The study shows that both ITDMs and BDMs play important roles in the (formal and shadow) acquisition of IT products and services. However, Techaisle’s research has found that the distinctions between these roles are not evenly applicable across all types of IT-enabled solutions: in some areas, the business will look to IT for leadership, and in others, it will take direction from BDMs.

Figure below illustrates the extent to which ITDMs and BDMs are seen as solution leaders within small and medium businesses, and across nine major solution areas. The solutions have been assigned to three groups: those on the left (virtualization, managed services and IaaS) are labeled “IT led,” and represent areas where IT is generally seen as leading corporate initiatives; they are focused on the core infrastructure used by IT to deliver corporate services to users. The ones at the right (collaboration, social media and analytics) are labelled “BDM led,” and are solutions in which BDMs provide most corporate leadership, and IT is cast very much in a supporting role. The solutions in the middle – Big Data, SaaS and mobility – have been labelled “IT/BDM collaborative.” These are solutions that respond to BDM needs, but where IT is important to supporting delivery capacity.

smb-solution-leadership-blog-techaisle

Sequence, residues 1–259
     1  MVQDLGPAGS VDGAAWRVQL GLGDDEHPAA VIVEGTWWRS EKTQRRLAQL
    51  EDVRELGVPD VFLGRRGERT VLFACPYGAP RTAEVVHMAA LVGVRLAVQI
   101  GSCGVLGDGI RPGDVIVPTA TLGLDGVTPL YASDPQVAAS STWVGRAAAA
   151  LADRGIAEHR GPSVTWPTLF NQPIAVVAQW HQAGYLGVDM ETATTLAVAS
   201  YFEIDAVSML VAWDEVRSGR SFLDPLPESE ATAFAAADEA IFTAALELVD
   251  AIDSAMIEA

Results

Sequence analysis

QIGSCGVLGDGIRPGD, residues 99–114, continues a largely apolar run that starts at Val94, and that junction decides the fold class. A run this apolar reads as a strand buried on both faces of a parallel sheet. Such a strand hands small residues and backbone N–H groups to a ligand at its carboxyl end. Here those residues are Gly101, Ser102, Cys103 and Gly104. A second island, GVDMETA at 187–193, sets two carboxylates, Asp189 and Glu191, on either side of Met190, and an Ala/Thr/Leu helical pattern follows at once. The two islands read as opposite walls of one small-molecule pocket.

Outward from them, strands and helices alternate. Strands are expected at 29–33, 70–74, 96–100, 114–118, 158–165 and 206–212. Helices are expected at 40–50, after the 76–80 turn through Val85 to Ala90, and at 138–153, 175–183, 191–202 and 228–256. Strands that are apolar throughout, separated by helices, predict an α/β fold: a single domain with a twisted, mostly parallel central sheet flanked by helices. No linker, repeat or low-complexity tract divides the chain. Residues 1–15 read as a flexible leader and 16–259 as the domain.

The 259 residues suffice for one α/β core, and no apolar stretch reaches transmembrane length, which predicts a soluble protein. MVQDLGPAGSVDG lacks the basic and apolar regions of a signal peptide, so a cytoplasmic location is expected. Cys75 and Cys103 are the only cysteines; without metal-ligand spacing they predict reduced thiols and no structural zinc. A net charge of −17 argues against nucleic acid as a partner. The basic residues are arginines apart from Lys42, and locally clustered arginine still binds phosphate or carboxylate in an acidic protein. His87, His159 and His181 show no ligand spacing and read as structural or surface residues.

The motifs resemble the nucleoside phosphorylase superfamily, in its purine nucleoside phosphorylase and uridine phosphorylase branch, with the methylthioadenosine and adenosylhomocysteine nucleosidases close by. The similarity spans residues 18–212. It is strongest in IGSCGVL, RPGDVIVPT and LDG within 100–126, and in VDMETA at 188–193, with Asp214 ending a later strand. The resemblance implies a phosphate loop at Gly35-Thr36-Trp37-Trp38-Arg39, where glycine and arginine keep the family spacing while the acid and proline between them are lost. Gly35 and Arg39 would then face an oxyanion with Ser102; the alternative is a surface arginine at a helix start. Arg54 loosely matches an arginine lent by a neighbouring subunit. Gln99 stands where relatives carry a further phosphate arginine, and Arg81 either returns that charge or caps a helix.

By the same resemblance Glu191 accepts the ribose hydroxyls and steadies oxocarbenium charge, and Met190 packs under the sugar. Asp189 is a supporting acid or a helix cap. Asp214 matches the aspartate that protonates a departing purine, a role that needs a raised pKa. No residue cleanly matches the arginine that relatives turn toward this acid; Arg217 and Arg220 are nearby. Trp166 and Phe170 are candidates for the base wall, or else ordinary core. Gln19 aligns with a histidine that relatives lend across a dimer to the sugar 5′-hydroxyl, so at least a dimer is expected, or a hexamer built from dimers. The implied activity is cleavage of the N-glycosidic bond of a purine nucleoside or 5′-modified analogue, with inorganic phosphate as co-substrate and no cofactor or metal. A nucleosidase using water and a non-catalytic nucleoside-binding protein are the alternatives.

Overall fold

The positioning of these solutions is important to IT vendor sales and marketing strategies. Solutions in the “IT led” category need to have strong IT-focused positioning, with detailed information on product attributes; this material should be supported with a second layer of collateral containing information on the business case for the solutions, and aimed at BDMs.

Solutions in the “BDM led” category require very different positioning: here, vendors need to make a strong case for the business benefits and relevance of the solution and orient these messages towards BDMs, supporting this campaign with accompanying technical information designed to provide clear deployment and integration guidance to ITDMs.

The “IT/BDM collaborative” category is the trickiest to address. It requires deep information on business benefits and the process steps required to capture those benefits targeted at BDMs, and deep information on how to assemble, deploy, integrate and support/optimize these solutions targeted at ITDMs – and an understanding of how to position and convey the messages to each audience.